“One Hundred Ten-Year-Old Woman Listed as Residing in Arakawa Ward Is Missing”–This headline sounds like any one of the many others that filled the pages of Japanese newspapers starting in late July, but in fact it dates from the Nikkei evening edition printed on September 14, 2005. Tokyo’s Arakawa Ward, where the supposedly 110-year-old woman was listed as residing, had been listing the woman as still alive in the annual report sent to the Ministry of Health, Labor, and Welfare for at least three years prior to that date, without confirming that this was in fact true. Arakawa Ward was obliged to issue that report on the most elderly of its residents, after confirming their whereabouts, for the ministry’s National Longevity List, published annually prior to Respect for the Aged Day in September. The Longevity List includes a roster of the 100 oldest people ... ... [Read more]

No.2
Culture, No.2  Sept. 28, 2010

THE MEANING OF BONSAI: TRADITION AND THE JAPANESE ESTHETIC

The Ōmiya Bonsai Art Museum, Saitama, opened on March 28 in Saitama City, not far from Tokyo. It is the first publicly run institution in Japan dedicated to the art of bonsai. The museum is located in an exclusive residential area known as the Ōmiya Bonsai Village. The Bonsai Village developed in the years following the Great Kantō Earthquake of 1923, when a number of established professional bonsai cultivators moved here from Tokyo, drawn to Ōmiya by its clean air and the prospect of spacious premises suitable for use as bonsai nurseries. In the years that followed, Ōmiya grew into an important suburb under the influence of the “garden city” philosophy of urban planning then prevalent in the commuter belt around Tokyo, making it a place of considerable interest in terms of Japanese social history.... [Read more]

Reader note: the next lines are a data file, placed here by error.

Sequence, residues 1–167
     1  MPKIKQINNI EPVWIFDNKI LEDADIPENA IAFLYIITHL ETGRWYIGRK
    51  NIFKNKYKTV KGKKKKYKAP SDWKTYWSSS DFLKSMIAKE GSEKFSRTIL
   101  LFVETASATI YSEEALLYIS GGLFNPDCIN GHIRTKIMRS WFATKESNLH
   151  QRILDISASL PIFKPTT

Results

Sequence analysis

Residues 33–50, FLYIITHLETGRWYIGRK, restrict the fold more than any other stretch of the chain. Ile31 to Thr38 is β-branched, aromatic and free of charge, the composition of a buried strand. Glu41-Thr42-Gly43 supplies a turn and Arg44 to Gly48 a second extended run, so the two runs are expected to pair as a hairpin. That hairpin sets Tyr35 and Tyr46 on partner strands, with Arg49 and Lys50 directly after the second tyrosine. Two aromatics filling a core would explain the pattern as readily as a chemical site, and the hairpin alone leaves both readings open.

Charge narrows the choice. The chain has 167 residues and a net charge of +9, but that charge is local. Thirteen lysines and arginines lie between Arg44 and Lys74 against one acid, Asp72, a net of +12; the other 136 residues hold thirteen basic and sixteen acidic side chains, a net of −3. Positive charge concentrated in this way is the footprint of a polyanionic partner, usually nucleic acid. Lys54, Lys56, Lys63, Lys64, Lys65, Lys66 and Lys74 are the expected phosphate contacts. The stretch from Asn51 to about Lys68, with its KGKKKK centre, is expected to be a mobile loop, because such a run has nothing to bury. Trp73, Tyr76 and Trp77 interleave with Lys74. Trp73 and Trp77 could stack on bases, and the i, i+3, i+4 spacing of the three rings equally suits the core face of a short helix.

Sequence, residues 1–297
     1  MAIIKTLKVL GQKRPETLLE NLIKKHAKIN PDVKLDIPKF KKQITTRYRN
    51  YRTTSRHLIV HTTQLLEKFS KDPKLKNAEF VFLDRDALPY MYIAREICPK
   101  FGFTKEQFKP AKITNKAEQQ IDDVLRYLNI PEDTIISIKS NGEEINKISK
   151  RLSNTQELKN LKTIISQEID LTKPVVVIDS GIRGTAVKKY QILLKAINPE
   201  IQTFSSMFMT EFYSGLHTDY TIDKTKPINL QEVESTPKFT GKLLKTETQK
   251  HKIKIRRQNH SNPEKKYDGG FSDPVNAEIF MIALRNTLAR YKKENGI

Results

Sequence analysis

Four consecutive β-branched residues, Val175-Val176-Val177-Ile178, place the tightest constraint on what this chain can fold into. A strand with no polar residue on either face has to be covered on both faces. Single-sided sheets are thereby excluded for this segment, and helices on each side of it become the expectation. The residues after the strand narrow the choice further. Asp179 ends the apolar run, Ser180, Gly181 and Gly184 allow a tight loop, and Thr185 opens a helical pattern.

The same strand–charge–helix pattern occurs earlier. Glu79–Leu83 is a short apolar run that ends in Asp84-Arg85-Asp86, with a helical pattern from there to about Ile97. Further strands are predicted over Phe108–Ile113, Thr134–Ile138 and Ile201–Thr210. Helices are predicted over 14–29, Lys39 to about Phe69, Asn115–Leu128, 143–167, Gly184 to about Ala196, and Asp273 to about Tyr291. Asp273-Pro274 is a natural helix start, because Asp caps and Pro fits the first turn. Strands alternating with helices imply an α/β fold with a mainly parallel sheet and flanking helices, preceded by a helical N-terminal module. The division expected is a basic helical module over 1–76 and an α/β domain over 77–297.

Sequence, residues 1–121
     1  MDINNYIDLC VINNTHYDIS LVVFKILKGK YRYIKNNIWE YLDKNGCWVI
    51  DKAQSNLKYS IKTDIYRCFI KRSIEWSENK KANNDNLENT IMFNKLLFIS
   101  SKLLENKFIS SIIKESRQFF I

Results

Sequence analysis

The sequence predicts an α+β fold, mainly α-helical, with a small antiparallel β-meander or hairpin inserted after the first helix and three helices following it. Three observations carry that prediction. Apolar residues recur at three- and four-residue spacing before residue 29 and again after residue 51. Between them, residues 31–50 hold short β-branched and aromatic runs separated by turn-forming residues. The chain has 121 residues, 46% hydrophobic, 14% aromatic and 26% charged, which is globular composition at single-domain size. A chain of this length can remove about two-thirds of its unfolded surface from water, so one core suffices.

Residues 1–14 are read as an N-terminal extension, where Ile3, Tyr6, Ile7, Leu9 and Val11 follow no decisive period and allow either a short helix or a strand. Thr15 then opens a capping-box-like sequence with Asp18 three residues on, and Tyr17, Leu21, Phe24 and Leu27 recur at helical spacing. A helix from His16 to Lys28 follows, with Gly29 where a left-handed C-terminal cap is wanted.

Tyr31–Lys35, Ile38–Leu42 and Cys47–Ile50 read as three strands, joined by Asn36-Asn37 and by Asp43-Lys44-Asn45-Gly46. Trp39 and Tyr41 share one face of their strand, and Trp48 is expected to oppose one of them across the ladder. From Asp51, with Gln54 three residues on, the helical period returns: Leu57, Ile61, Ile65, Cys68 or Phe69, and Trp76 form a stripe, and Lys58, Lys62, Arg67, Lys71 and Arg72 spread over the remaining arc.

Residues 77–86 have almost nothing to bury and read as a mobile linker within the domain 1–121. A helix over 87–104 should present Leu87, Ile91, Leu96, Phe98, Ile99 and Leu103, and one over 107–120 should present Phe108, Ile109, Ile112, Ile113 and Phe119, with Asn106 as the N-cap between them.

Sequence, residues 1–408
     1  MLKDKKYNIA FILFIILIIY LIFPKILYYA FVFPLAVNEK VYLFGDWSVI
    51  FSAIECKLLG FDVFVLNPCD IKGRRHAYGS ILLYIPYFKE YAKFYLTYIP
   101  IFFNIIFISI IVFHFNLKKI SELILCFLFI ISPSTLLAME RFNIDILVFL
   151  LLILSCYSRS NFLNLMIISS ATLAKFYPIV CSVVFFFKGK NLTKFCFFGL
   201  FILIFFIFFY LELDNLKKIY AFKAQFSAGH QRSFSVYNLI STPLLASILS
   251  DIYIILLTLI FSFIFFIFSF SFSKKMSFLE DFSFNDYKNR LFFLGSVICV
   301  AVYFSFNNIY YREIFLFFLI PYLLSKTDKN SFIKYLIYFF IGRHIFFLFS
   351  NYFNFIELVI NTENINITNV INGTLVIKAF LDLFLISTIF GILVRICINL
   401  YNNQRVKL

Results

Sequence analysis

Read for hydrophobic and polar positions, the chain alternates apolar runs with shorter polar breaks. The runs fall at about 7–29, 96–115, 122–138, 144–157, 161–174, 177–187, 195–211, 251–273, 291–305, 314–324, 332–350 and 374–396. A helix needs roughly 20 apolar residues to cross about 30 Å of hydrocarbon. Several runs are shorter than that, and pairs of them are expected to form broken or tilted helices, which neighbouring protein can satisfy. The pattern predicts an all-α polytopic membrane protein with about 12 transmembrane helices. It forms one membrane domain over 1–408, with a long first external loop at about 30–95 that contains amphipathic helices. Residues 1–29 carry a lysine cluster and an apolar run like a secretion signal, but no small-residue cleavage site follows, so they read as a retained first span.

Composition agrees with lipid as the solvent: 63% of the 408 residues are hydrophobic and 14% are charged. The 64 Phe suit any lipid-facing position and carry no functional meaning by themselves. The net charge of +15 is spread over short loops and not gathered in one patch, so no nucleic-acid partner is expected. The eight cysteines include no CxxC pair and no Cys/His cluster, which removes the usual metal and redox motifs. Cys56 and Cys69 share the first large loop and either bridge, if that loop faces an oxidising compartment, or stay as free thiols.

No.2
Culture, No.2  Aug. 8, 2010

JAPANESE EDUCATION TODAY: TIME TO MOVE ON

The start of the new academic year this April brought the introduction of a new set of textbooks in Japanese elementary schools. Stories in the media about the new textbooks, which are considerably thicker than before, took them as symbolic of a shift away from yutori kyōiku, or “education that gives children room to grow.” A headline in the daily Asahi Shimbun on March 31 proclaimed: “25% More Pages in Elementary School Texts: Farewell to Room-to-Grow Education.” The Yomiuri Shimbun had shorter headline delivering the same message on the same day. The new textbooks have more pages, and furthermore their contents seem to be more difficult. They restore many items that were designated as advanced-study topics in the previous round of textbook screening or that had been omitted entirely as part of the “room to grow” revisions, such as the formula for calculating the ... ... [Read more]

No.2
Culture, No.2  Aug. 5, 2010

LAST-MINUTE CHANGES YIELD WORLD CUP SUCCESS

Photo : Men's Soccer Japan Representative

Members of Japan’s national team (at May 30, 2010 match against England) ©J.LEAGUE PHOTOS “In terms of how we played, I have no regrets at all. The players were really wonderful, and they’ve been truly proud of being Japanese and also representing Asia as a whole. They played until the end and I’m proud of them. But I didn’t manage to get them to win. That’s my responsibility. I wasn’t determined enough.” So spoke Okada Takeshi, coach of Japan’s national football team, at a press conference following his side’s defeat in a penalty shoot-out to Paraguay in the round of 16 at the 2010 FIFA World Cup South Africa. While Okada’s remarks may have been tinged with disappointment, the performance and results of the Japanese team at this summer’s tournament were certainly... [Read more]